Under certain conditions specific to the Cortex-A9 microarchitecture, a write operation that updates a cacheable translation table entry might cause both the old and the new translation entries to be temporarily invisible to translation table walks, thus erroneously causing a translation fault.
Here are the requirements for this problem to occur:
In practice, the problem can occur when an OS is changing the mapping of a physical page. The OS might have an existing mapping to a physical page (the old mapping), but wants to move the mapping to a new page (the new mapping). To do this, the OS might:
However, because of this issue, neither of the new or old mappings may be visible after the new entry is written, causing a Translation fault.
Minor. This issue causes a translation fault. There is a work-around for the issue.
Perform a clean and invalidate operation, refer to Workaround Details.
Systems that use the CPUs.
|Device Revision(s) Affected:||All. No plan to fix. Refer to (Xilinx Answer 47916) - Zynq-7000 SoC Silicon Revision Differences Answer Record.|
The recommended workaround is to perform a clean and invalidate operation on the cache line that contains the translation entry before updating the entry, to ensure that the write operation misses in the Data Cache.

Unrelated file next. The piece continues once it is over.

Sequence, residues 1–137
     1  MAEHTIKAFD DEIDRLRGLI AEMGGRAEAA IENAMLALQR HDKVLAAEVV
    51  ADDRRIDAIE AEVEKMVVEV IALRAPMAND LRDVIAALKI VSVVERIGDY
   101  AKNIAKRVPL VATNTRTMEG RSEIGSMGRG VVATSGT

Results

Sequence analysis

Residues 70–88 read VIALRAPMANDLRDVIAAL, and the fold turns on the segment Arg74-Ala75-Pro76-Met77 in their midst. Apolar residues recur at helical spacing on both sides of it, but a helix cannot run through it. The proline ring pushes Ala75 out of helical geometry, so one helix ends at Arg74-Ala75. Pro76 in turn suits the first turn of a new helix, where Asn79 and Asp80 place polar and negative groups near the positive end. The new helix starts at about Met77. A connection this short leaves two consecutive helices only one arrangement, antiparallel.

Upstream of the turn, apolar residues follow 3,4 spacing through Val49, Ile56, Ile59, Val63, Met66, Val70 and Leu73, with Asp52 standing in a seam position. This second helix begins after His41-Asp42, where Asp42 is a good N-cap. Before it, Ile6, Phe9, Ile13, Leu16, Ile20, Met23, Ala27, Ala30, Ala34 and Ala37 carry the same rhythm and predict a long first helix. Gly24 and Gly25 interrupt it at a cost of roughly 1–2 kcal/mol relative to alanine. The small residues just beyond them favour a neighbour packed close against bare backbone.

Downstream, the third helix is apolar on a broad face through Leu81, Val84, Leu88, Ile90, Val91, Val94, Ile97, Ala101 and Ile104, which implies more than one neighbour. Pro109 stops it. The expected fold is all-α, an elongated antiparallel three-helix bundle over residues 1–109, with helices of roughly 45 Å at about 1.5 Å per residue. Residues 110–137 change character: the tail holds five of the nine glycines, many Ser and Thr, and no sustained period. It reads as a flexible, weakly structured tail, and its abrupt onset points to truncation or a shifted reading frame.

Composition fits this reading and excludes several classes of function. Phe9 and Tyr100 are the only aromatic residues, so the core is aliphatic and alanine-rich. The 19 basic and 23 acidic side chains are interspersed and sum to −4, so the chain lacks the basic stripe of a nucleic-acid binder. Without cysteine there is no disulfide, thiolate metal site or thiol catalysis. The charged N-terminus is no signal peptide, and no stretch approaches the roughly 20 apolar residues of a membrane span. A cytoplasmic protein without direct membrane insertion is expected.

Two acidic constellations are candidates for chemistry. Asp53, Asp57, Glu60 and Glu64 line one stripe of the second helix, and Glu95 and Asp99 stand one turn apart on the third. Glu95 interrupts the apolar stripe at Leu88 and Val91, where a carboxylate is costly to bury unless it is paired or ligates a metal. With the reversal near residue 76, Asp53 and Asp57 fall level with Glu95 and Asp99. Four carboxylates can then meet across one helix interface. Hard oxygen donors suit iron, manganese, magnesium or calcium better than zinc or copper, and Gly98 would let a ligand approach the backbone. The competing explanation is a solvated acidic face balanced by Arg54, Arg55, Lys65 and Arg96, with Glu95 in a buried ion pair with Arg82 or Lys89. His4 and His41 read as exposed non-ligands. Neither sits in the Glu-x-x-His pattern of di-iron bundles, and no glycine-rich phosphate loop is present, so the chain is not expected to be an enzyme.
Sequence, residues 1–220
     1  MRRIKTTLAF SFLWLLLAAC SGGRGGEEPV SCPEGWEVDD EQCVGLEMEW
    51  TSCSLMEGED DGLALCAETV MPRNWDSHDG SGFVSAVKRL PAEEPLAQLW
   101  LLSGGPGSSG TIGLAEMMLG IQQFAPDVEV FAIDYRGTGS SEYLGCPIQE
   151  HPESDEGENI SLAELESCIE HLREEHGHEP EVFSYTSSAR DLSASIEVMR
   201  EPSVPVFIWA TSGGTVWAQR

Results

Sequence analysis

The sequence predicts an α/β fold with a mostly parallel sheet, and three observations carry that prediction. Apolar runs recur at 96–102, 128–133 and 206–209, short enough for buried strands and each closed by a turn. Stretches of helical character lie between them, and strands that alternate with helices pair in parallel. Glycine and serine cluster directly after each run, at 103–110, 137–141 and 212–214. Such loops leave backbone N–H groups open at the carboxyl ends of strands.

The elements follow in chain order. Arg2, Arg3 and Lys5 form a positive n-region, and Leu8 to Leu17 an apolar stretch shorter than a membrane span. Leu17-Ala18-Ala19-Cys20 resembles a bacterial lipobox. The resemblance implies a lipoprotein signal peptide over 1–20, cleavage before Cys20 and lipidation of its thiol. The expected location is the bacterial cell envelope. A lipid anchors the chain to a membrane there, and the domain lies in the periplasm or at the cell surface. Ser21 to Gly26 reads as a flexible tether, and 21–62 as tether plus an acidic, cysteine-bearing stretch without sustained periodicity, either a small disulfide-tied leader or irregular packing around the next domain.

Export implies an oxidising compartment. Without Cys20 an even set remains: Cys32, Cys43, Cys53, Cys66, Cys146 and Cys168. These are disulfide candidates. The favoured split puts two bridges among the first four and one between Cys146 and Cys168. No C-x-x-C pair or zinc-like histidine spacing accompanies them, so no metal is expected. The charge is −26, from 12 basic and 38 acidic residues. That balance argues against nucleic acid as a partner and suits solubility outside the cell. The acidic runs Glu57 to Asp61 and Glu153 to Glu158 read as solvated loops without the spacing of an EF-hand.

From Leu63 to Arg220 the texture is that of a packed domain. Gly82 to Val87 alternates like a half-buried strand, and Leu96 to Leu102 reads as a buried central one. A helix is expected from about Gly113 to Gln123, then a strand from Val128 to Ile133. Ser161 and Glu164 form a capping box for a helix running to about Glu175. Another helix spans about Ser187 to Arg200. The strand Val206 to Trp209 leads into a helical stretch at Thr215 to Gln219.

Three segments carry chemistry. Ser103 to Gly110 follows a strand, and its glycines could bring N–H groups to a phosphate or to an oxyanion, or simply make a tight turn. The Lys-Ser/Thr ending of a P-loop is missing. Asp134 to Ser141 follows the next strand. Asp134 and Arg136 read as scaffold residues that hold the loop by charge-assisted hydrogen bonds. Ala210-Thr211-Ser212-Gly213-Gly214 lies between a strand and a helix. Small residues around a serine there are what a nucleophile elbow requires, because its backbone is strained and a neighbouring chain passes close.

This workaround prevents the micro-architectural conditions required for the issue from happening. Interrupts must be temporarily disabled so that no interrupt can be taken between the maintenance operation and the translation entry update.
This avoids the possibility of the interrupt service routine bringing the cache line back in the cache.
Another possible workaround is to place the translation table entries in Non-Cacheable memory areas, but this workaround is likely to have a noticeable performance penalty.
Note that inserting a DSB instruction immediately after writing the new translation table entry significantly reduces the probability of hitting the erratum, but is not a complete workaround.
March 2013 new.